19. The Soviets Decide on Neutrality

The tripartite pact and Japan's move into northern Indochina angered several members of Roosevelt's cabinet and they demanded "some straight acting which will show Japan that we mean business and that we are not in the least afraid of her." They wanted a full oil embargo and other gestures.1

FDR refused but embargoed all grades of iron and scrap going to Japan. This move reduced Japan's steel-making capacity and forced Japan to depend upon iron ore borne by ships coming mostly from Manchuria, Korea and China.2 Japan promptly ordered Ambassador Horinouchi Kensuke home and didn't replace him until February, 1941.3

* * * * * * * * * *

Meanwhile, the Japanese Foreign Minister Matsuoka was seeking a settlement with the Soviet Union to protect Japan's rear as it drove into the Indies.4 But he offered Moscow few concessions and Foreign Minister V.M. Molotov was noncommital because he was about to go to Berlin on November 12 to discuss a four-power entente and "delimitation of spheres of influence" with Ribbentrop. Joseph Stalin and Molotov knew that everything, including an agreement with Japan, hung on this meeting.

Although Ribbentrop outlined a remarkable proposal for Germany, Italy, Japan and the Soviet Union to divide up Eurasia and Africa, the plan had an air of unreality about it from the beginning. Hitler had devoted large portions of his book, Mein Kampf, to describing his hatred of Communists and his desire to eradicate them. And Stalin had not succumbed to any notions of German-Soviet brotherhood as a result of the 1939 nonaggression pact. On November 26, the Kremlin gave its formal response to Germany's offer. The key Soviet demand was a litmus test of German sincerity: Russia was to have a base in Bulgaria to secure its control of the Dardanelles. This would place Romania under Soviet threat and Romania's Ploesti oil fields were a matter of life or death for Germany. This was wholly unacceptable to Hitler and he abandoned the idea of a four-power alliance and reached his final decision to attack the Soviet Union.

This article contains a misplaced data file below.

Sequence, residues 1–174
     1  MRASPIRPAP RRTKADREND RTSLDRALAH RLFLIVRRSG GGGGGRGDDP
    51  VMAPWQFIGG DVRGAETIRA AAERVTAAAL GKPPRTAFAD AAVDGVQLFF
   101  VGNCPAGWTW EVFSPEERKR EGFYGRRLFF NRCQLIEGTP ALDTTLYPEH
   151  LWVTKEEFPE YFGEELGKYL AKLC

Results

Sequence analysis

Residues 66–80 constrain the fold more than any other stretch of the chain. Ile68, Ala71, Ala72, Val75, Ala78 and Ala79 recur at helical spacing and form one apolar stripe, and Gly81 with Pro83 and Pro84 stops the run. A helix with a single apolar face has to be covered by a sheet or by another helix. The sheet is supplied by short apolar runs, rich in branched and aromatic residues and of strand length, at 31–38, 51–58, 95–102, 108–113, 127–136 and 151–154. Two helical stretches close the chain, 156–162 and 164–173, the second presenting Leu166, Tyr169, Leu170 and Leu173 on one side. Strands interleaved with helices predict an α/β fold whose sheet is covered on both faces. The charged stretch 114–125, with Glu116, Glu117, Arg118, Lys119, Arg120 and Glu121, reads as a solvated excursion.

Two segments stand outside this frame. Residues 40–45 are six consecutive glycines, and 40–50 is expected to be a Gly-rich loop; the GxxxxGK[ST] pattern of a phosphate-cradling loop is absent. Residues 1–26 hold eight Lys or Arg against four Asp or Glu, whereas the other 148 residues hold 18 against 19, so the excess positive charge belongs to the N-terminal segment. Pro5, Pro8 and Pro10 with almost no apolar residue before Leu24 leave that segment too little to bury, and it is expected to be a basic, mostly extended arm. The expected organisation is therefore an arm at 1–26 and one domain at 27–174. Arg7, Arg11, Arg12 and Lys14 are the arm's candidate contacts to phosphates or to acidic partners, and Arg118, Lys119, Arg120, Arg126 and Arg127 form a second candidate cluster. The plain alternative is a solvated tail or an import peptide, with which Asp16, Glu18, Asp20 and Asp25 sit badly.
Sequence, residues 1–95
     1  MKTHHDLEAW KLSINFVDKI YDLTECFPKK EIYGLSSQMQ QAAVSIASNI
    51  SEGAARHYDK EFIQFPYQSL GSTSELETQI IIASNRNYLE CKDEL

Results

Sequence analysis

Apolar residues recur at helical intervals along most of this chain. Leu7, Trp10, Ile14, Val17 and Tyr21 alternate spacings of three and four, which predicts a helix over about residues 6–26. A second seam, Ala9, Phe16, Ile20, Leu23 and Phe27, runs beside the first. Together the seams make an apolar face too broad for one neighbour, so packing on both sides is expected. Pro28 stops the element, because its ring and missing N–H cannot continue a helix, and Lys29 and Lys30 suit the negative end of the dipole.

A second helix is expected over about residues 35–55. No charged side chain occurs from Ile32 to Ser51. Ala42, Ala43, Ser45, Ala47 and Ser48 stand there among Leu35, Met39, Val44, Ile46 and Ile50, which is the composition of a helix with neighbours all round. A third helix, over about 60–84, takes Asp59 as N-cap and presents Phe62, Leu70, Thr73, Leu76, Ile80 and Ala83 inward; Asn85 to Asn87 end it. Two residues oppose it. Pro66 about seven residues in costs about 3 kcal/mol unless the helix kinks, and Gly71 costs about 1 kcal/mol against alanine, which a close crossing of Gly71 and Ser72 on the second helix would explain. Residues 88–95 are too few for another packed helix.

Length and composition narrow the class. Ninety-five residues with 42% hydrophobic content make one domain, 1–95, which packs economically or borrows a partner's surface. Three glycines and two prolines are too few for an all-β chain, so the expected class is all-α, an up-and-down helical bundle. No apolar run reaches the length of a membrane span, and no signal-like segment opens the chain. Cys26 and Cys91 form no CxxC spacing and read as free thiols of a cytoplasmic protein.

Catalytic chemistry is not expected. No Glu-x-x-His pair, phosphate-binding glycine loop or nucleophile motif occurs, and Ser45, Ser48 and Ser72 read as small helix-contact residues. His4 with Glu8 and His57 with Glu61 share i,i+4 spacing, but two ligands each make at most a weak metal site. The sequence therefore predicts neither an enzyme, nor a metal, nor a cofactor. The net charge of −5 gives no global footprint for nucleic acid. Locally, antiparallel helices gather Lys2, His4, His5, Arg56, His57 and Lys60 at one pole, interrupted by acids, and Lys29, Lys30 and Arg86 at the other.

Adolf Hitler, of course, did not tell his Japanese allies he'd decided on war. However, Stalin began to make plans in preparation, although still hoping Hitler would not strike. These included distancing Russia from Japan and growing closer to Britain and the United States, the Soviet Union's only possible friends remaining. Consequently, Molotov refused Japan's self-serving proposal for a nonaggression pact and said the Soviet Union would be willing only to sign a neutrality treaty.5

* * * * * * * * * *

All fall Chiang Kai-shek had been clamoring for supplies, aircraft and a joint alliance of the U.S., Britain and China against Japan.6 Roosevelt rebuffed any talk of an alliance. But he became enthusiastic about a plan advanced by T.V. Soong, Chiang's representative in the U.S., and Claire Chennault, a former U.S. fighter pilot, now retired and working for China, to bomb Japan from Chinese bases using American bombers and pilots hired by China. Henry Stimson and army Chief of Staff George Marshall thought the idea "half-baked." London didn't like the idea of diverting bombers bound for Britain to China. Churchill, however, reluctantly did agree in late December, 1940, to divert a hundred obsolescent P-40B American fighter planes to China to help defend the Burma road against possible Japanese air attacks. This was not the grandiose air offensive against Japanese cities that Soong and Chennault were pressing for but Roosevelt didn't dare to cross General Marshall on military strategy. Roosevelt also approved the secret resignation of American military pilots to sign up as Chinese mercenaries to fly the fighter planes. As a consequence, Chennault got started on his "Flying Tigers" and freighters began transporting the P-40s to Rangoon in Burma. But it was late July, 1941, before the first American volunteers arrived in Burma.7